Drink This Now: Saison Dell’Aragosta, by Oxbow Brewing
If you’re trekking up to Maine for Fourth of July weekend, chances are you’ll want to enjoy a plate of the state’s fresh lobster. But what about a lobster beer?
Did we lose you? If you’re still reading, and intrigued, keep your eyes peeled for bottles of Oxbow Beer’s Saison Dell’Aragosta, which hits Pine Tree State shelves this Friday, July 1.
The “gose-inspired” farmhouse ale, whose name translates simply to “lobster saison,” is a collaboration between Oxbow and Italian brewery Birrificio del Ducato, brewed with local sea salt and live Maine lobsters. The beer will be available in 500 mL bottles at Oxbow’s Newcastle brewery and its Portland taproom, before it rolls out to local outlets.
This is the second summer Oxbow has released the 4.5 percent ABV lobster sipper. Last year, Ducato’s Giovanni Campari visited Maine to brew with Oxbow brewmaster Tim Adams, and inspiration struck at the last minute.
“We had already intended on doing a gose-inspired saison, and [Campari and I] were out to dinner the night before the brew day,” Adams says. “Giovanni was in from Italy, so of course we were eating Maine lobster at Eventide Oyster Company in Portland. We were enjoying their lobster rolls, and out of nowhere, Giovanni said that he wanted to put lobster in the beer.”
The two formulated a recipe to do just that. Campari didn’t fly in from Italy to make the second batch, but Adams says the brewing approach hasn’t changed. During the first half of the process, the live, local lobsters are tossed right into the beer and briefly boiled until they’re cooked through. The brewers then remove the meat, and the shells are used throughout the second half of the brewing process—but not before Adams and his team enjoy their beer-soaked lobster.
“It was the best lobster I’ve ever had in my life,” Adams says. “The sweetness from the wort was just spectacular.”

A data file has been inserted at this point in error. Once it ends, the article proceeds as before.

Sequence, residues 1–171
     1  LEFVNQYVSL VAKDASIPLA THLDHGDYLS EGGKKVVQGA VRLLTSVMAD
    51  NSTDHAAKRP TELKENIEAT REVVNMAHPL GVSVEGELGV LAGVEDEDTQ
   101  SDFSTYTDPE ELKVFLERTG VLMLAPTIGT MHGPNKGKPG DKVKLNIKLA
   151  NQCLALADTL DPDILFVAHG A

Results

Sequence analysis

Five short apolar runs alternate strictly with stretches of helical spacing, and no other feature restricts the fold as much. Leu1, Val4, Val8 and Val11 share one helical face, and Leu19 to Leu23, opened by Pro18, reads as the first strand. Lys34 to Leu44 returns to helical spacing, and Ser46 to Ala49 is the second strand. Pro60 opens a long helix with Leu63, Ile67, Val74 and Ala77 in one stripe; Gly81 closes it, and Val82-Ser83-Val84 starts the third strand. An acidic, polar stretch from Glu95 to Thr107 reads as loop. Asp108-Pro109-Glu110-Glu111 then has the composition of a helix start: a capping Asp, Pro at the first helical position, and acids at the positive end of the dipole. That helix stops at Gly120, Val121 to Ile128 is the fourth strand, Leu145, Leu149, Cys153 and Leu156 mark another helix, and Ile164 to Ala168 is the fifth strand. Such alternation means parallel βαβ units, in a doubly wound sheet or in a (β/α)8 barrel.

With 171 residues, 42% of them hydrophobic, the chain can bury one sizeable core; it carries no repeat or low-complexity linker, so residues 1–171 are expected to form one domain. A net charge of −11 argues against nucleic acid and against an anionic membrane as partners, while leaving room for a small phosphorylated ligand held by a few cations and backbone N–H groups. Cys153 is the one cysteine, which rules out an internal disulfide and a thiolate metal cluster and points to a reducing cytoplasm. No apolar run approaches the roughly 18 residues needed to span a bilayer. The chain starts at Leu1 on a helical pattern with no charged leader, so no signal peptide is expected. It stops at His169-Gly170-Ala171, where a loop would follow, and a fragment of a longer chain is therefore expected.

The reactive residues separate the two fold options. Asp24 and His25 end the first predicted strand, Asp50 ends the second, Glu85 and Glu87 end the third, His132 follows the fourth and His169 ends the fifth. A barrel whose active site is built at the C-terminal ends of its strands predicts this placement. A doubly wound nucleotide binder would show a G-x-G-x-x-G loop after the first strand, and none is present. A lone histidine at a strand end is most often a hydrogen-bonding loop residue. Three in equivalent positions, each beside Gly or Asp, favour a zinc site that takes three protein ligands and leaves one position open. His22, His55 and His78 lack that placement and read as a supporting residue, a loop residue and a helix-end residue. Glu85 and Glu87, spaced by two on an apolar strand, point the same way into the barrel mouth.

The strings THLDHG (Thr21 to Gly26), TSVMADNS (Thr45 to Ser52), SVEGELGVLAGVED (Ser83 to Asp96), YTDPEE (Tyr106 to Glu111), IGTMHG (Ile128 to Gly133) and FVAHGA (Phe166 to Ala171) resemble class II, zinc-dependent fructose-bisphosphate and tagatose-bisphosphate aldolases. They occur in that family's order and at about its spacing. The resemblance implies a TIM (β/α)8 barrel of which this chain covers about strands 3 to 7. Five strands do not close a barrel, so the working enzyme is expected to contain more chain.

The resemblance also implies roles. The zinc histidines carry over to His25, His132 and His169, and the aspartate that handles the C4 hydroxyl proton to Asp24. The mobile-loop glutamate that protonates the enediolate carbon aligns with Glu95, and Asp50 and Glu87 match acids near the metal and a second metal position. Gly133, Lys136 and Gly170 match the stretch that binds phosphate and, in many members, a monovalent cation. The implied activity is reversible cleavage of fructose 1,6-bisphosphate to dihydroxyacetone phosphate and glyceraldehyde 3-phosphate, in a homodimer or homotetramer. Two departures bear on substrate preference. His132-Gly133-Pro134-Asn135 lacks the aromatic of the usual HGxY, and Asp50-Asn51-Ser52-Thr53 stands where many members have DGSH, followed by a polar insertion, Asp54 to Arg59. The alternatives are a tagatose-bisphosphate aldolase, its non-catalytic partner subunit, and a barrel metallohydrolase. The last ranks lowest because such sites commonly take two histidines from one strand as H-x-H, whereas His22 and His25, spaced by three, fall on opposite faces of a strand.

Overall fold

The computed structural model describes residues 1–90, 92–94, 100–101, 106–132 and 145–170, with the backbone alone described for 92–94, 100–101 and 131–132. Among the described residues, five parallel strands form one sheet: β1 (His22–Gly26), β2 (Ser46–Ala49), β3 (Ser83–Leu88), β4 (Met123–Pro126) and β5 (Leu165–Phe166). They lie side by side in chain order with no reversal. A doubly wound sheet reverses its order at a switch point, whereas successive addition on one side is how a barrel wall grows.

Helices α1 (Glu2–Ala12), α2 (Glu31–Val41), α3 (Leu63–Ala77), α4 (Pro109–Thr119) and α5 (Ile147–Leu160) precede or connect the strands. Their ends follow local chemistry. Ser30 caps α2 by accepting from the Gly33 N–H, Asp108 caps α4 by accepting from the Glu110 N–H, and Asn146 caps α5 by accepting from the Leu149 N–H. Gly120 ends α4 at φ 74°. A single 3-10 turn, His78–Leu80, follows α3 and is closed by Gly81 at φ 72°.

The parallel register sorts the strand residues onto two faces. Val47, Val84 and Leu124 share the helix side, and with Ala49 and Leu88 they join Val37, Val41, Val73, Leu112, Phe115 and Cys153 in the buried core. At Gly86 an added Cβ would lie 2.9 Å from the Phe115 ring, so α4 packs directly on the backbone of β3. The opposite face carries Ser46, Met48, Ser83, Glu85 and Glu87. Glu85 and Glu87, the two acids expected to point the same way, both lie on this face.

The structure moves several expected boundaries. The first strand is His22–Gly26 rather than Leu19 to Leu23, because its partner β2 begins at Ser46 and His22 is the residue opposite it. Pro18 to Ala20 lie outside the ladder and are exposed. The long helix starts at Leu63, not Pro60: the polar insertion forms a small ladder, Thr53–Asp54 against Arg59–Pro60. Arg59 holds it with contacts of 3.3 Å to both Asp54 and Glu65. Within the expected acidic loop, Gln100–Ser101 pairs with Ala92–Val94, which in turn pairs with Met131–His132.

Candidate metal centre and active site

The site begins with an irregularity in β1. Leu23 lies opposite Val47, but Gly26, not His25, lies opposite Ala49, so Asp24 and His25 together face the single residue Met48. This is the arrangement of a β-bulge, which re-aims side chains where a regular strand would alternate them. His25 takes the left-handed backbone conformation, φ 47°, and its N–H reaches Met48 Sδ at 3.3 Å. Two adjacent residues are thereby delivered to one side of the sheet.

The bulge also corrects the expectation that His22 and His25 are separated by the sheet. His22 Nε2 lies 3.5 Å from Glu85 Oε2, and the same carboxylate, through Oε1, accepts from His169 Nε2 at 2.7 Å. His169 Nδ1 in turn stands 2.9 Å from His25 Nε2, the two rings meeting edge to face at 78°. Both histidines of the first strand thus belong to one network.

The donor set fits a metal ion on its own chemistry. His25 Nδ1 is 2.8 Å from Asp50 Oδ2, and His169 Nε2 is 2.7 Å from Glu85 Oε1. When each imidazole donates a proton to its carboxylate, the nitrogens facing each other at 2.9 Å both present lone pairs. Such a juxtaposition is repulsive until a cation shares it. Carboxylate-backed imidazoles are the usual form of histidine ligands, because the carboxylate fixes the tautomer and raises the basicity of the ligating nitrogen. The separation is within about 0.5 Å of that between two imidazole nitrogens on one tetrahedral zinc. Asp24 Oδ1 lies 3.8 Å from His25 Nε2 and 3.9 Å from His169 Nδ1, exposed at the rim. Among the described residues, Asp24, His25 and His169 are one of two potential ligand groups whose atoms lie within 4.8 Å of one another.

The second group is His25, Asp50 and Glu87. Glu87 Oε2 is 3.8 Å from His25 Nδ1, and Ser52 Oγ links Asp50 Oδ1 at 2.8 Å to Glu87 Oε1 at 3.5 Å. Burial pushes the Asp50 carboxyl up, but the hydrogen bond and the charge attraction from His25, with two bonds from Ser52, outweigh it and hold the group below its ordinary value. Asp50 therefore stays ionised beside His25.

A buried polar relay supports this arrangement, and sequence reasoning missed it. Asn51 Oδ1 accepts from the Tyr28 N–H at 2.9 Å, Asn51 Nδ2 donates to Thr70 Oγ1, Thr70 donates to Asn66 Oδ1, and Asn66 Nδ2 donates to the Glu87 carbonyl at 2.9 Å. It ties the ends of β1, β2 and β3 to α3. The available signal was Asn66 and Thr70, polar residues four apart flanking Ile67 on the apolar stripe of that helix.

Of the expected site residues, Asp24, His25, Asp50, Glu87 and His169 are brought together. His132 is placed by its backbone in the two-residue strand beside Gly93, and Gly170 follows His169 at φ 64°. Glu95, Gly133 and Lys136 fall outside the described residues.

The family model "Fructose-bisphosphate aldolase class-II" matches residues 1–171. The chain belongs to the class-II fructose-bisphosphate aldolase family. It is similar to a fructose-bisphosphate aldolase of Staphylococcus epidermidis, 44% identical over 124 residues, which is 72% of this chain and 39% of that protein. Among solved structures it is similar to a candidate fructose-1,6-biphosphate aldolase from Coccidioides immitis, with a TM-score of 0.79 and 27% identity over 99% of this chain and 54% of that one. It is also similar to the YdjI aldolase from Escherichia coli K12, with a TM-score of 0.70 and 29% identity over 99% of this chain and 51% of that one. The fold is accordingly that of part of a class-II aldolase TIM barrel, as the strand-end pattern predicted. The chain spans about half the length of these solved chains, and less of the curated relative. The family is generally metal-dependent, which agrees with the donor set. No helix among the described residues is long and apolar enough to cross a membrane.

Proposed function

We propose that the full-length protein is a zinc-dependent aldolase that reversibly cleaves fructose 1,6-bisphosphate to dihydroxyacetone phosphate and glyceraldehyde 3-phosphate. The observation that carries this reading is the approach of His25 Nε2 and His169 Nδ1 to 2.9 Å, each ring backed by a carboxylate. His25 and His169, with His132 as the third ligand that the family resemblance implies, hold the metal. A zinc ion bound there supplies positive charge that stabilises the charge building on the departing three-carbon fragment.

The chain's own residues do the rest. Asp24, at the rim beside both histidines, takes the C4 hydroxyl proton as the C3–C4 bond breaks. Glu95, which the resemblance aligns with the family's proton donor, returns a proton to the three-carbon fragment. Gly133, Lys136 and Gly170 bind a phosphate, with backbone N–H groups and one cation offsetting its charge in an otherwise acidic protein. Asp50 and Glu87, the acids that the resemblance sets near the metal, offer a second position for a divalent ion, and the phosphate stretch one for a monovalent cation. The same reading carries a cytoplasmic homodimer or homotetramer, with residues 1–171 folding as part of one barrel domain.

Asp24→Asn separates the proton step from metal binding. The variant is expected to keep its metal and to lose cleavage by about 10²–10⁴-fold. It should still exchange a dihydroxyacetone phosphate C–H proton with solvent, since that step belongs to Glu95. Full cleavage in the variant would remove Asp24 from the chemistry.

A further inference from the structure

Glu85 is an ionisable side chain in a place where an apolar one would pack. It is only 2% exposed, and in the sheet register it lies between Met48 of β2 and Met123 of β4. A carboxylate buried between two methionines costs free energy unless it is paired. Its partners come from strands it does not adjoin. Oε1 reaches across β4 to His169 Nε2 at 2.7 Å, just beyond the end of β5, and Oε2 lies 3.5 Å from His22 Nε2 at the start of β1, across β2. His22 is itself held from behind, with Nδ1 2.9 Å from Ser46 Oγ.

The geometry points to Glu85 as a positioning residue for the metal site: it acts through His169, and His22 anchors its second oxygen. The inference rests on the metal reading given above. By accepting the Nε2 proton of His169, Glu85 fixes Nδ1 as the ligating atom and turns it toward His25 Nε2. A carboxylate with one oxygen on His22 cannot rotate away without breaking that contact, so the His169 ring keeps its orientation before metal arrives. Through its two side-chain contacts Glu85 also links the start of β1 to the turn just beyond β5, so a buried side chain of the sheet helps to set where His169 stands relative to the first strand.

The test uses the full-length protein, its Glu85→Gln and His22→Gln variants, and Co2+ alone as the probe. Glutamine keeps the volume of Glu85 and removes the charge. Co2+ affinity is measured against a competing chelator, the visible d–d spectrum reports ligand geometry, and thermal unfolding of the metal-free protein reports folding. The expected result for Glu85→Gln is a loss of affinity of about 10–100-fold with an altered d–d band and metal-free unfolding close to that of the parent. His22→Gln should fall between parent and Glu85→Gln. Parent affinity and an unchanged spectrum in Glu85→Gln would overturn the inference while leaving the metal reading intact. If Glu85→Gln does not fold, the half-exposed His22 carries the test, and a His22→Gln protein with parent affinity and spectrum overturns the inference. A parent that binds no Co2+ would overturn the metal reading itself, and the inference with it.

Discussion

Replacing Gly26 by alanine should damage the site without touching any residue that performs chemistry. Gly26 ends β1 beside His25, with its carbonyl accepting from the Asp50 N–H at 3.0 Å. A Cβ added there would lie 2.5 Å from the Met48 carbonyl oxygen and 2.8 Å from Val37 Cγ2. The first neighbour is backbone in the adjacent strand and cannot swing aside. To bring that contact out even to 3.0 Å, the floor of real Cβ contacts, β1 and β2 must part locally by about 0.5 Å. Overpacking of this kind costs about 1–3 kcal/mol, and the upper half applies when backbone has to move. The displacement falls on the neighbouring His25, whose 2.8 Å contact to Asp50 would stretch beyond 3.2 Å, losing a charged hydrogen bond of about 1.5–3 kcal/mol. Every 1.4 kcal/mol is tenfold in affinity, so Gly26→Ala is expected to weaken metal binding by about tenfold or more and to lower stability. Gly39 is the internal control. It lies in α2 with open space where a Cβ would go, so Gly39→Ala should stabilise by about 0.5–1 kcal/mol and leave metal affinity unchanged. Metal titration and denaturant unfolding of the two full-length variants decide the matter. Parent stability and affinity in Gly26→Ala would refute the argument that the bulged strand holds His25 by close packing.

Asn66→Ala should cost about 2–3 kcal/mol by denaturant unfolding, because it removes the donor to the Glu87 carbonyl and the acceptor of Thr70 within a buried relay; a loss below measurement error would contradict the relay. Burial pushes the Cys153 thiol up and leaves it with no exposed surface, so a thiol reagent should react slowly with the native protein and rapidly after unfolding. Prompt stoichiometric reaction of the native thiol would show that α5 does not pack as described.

Adams says it only takes about 12 lobsters to brew the beer, since the crustaceans are reused throughout the brewing process. Since Saison Dell’Aragosta is a traditional farmhouse ale, it takes the better part of a year to produce, including additions of brettanomyces yeast and nearly 11 months of aging.
“As a Mainer, I’m really excited to present lobster as a food item in a way that Maine has never seen before,” Adams says.
What does the crustacean add to a beer? With Saison Dell’Aragostra, expect tart and salty flavors and an underlying ocean funk, as well as some lemon character. Adams says the funk makes the beer a perfect pair for seafood, like lobster and crab.
“The lobster is definitely a background note in the beer,” Adams says. “People tend to be surprised or intrigued by the tartness and acidity, as well as the funk and fruitiness that developed from the extended aging. The lobster contributes just a bit of brininess, as well as bit of sweetness. Lobster meat is actually somewhat sweet, which I love because it’s balanced out by the tartness.”
If there isn’t a trip to Maine on your weekend itinerary, don’t lose hope. Night Shift is releasing the latest batch of its Island Creek Oyster-salted Harborside gose this Sunday, July 3, if you’re set on trying a marine brew. And later this year, Oxbow plans expand Massachusetts distribution of its core beers, like the flagship Farmhouse Pale Ale and Crossfade, a hop-forward, funky saison. Saison Dell’Aragosta could make some appearances, as well.
“It’s not going to be readily available anywhere, but as we focus a bit more on the Boston market over the next year, we’ll make sure the beer makes it down there so Bostonians can get a taste of one of the more eclectic Oxbow offerings,” Adams says.
Oxbow will test that dirty water with a few Boston events and pop-ups in the coming months, so keep an eye on social media.
Oxbow Brewery, 274 Jones Woods Rd, Newcastle, 207-315-5962, 49 Washington Ave., Portland, 207-350-0025, oxbowbeer.com.